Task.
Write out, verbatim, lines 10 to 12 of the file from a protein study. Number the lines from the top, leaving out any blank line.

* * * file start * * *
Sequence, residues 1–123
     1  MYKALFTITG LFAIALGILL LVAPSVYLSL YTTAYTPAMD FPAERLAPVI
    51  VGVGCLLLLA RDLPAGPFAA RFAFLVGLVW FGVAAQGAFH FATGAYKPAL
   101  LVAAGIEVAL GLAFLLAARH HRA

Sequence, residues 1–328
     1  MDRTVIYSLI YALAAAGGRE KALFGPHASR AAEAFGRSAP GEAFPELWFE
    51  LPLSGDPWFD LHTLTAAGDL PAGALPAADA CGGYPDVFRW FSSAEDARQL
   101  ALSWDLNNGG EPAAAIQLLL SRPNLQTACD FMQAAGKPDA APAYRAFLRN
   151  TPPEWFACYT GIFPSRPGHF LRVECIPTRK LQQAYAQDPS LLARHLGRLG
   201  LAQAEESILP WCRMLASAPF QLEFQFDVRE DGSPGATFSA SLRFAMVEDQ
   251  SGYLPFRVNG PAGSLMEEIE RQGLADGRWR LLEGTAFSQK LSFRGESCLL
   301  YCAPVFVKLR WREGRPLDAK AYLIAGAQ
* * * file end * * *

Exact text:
   201  LAQAEESILP WCRMLASAPF QLEFQFDVRE DGSPGATFSA SLRFAMVEDQ
   251  SGYLPFRVNG PAGSLMEEIE RQGLADGRWR LLEGTAFSQK LSFRGESCLL
   301  YCAPVFVKLR WREGRPLDAK AYLIAGAQ